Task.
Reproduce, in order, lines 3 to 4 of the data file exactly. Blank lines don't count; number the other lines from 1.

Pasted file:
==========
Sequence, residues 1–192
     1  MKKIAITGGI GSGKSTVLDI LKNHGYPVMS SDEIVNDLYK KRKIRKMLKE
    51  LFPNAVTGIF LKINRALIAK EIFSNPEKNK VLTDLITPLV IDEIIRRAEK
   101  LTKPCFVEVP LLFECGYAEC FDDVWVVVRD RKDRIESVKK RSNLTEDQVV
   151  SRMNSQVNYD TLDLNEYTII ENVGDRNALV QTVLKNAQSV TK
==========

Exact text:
    51  LFPNAVTGIF LKINRALIAK EIFSNPEKNK VLTDLITPLV IDEIIRRAEK
   101  LTKPCFVEVP LLFECGYAEC FDDVWVVVRD RKDRIESVKK RSNLTEDQVV